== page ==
Networking Virtually

There’s no substitute for the quality of face-to-face interaction, but networking online can boost the quantity of your contact opportunities. Online networks also help you stay connected to those you’ve met with in person.

Sites such as LinkedIn, Twitter, and Facebook let you follow organizations you’re interested in and establish connections with thought leaders in related industries and fields. Some organizations use social networks to post opportunities and recruit potential employees.

There are many sites to choose from. Ask around, and see what your friends and family use. Below are a few that we recommend:

LinkedIn

LinkedIn connects you to people who know you and lets you view their connections, greatly increasing potential networking contacts. Their site has a video section, specifically geared toward students, offering assistance from creating a profile to building a professional brand.

  • Start by establishing your profile and connecting with people that you already know, including your friends, relatives, and former co-workers. Get in the habit of customizing the request message. It’s more professional and your requests will be more likely to be accepted.
  • Next, join and participate in groups, a great way to expand your network. We recommend the BU Alumni Association Official LinkedIn Group as well as additional BU groups or those specific to the career field you’re interested in. Be an active member of the group by posting questions and participating in discussions. Look at the profiles of other members, in particular those who are in the kinds of positions you might want to pursue.
  • Then every time you meet with someone, send them a personalized request to connect.

You can also use LinkedIn to research careers by looking at profiles. Think you want to be a CFO someday? Research CFOs in the industry you want to work in and see what their career paths were like. Where did they start out? Do they have an MBA or another graduate degree? What did they major in during their undergraduate years? What internships did they have? The possibilities with LinkedIn are endless.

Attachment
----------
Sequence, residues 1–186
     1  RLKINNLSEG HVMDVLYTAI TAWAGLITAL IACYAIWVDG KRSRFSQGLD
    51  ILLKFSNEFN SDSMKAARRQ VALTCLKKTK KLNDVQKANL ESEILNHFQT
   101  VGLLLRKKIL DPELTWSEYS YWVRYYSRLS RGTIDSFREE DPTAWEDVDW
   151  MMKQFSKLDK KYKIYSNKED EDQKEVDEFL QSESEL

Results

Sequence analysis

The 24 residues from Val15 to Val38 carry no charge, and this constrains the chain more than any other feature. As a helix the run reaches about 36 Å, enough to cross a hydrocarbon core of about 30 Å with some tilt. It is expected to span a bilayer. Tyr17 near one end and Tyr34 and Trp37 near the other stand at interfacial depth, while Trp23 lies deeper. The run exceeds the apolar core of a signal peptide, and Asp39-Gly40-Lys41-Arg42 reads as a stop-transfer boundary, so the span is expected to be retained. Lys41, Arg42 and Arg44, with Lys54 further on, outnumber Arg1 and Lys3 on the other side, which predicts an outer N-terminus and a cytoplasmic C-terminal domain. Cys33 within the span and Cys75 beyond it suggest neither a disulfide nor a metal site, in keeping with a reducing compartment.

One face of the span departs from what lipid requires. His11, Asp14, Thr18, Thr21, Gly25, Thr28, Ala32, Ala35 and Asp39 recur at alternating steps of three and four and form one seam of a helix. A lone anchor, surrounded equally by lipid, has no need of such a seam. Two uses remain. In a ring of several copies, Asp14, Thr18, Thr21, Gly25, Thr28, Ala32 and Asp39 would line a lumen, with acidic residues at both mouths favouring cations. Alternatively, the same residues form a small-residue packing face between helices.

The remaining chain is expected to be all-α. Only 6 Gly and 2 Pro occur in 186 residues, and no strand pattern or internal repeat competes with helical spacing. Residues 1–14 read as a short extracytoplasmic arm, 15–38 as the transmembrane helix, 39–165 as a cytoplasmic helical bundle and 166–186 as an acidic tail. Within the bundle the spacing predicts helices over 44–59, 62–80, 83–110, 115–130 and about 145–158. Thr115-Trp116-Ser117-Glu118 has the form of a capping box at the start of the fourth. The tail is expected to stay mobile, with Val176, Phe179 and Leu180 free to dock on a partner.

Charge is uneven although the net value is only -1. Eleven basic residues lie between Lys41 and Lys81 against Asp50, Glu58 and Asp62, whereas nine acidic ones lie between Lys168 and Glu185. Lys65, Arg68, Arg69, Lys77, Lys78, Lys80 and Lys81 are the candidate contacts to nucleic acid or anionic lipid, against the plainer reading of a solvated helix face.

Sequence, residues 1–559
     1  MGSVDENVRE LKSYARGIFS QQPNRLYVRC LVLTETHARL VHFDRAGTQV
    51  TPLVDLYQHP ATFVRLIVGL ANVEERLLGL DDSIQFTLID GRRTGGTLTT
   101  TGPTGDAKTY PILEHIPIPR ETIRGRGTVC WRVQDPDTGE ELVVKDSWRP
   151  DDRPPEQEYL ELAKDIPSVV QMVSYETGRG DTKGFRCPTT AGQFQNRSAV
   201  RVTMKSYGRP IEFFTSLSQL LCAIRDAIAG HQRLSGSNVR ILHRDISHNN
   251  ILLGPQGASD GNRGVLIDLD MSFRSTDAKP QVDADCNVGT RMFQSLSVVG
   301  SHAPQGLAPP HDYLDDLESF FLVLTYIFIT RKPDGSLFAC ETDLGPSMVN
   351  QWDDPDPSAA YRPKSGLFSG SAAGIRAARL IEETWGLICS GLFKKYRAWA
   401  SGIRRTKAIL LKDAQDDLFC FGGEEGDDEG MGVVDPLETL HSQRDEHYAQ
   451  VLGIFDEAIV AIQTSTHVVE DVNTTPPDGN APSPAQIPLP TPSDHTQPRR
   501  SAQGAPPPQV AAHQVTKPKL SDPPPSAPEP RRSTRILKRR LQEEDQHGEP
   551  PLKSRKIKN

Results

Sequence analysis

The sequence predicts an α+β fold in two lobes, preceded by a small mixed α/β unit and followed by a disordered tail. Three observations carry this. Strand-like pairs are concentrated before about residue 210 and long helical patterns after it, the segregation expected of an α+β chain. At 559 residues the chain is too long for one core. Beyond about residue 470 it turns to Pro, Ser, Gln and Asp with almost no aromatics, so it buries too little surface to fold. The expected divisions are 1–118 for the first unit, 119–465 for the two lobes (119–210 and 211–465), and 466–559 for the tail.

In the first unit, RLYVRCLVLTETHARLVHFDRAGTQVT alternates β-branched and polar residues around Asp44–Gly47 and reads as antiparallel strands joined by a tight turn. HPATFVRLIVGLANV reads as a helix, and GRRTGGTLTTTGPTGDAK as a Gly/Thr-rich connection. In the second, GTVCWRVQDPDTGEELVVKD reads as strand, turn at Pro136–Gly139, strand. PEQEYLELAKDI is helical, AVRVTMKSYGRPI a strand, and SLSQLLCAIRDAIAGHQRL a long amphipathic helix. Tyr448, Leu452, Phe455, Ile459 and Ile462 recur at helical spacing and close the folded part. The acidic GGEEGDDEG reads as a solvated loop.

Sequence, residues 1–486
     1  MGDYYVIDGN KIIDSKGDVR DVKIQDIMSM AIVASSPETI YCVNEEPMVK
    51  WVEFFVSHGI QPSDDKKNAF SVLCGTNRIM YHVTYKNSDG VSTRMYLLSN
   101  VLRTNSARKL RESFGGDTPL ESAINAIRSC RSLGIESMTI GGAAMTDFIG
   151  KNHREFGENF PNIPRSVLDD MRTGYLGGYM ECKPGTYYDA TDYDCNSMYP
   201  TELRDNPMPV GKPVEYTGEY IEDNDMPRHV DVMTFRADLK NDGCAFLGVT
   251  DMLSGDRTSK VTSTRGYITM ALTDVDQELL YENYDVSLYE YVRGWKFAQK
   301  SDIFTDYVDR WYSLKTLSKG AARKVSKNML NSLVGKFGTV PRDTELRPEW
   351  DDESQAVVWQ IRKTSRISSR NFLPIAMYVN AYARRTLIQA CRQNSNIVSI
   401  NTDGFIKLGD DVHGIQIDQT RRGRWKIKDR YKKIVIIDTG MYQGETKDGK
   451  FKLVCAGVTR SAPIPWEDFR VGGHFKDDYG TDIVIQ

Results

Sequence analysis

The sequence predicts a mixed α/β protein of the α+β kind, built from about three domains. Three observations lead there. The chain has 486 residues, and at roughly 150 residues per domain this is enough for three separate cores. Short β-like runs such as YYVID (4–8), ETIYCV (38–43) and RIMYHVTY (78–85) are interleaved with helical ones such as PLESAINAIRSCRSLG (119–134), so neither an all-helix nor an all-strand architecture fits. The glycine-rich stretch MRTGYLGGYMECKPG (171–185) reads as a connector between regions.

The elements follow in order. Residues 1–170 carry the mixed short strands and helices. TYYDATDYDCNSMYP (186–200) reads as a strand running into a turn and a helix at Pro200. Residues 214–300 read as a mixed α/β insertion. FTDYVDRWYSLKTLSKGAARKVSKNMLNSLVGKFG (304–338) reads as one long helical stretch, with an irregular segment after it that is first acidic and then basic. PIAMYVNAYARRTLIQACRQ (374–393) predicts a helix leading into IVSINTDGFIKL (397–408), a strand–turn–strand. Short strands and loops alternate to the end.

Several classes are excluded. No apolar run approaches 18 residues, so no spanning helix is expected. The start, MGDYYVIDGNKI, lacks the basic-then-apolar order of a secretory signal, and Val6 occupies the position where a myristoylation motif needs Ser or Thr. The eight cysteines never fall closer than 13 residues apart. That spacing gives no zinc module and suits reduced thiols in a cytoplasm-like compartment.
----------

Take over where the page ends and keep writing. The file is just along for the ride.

Looking for more LinkedIn advice? Check out LinkedIn 101 and Building a LinkedIn Profile.

Twitter

Twitter allows you to follow anyone and anything—industries, organizations, professional associations, and prominent employees. Follow industry thought leaders, re-tweet them, tweet articles at them. This is a great way to professionally network with them, especially if they’re big social media users. You can also follow Twitter chats focused on any number of topics from an industry issue to internships or the job search. If you see a hashtag phrase that interests you, follow it. Twitter is not just for listening; be part of the conversation.

Facebook

Facebook remains the most widely used social networking site and organizations of all kinds have fan pages, as do prominent employees and industry leaders. As with Twitter, interact with them and share their posts and articles on your page. There are even job boards with Facebook apps, like Monster’s BeKnown. In general, we don’t recommend these, but if you choose to use one or more of them as part of your search strategy make sure your profile is professionally appropriate.

Word to the Wise:

Be wary of what you post on your social networks. Employers will search the Web for you and will likely see more than you may intend. Think about the online image you’re creating. A good rule of thumb: if you wouldn’t show a post or picture to a professor, then keep it private.

Read an interview with School of Management Professor Kabrina Chang about online privacy in today’s professional world, including a prospective employer asking for your login information.

Google+

Google+ lets you categorize contacts to keep your personal and professional online activities separate. It allows you to search and keep track of news and developments about certain topics, so you can follow industries and organizations you’re interested in.

Pinterest

Pinterest is aimed at sharing interesting discoveries from the Web. People use “pinboards” to organize different topics. Because of this visual organization, some have used Pinterest as an online companion to a resume to showcase their latest work. However, we don’t recommend this because of unresolved copyright issues; in fact, many artists are removing their images from Pinterest.

Many employers have social media policies for how employees can use these platforms while at work. Some organizations have been known to monitor computer use remotely. Before starting an internship or job, make sure you know the rules.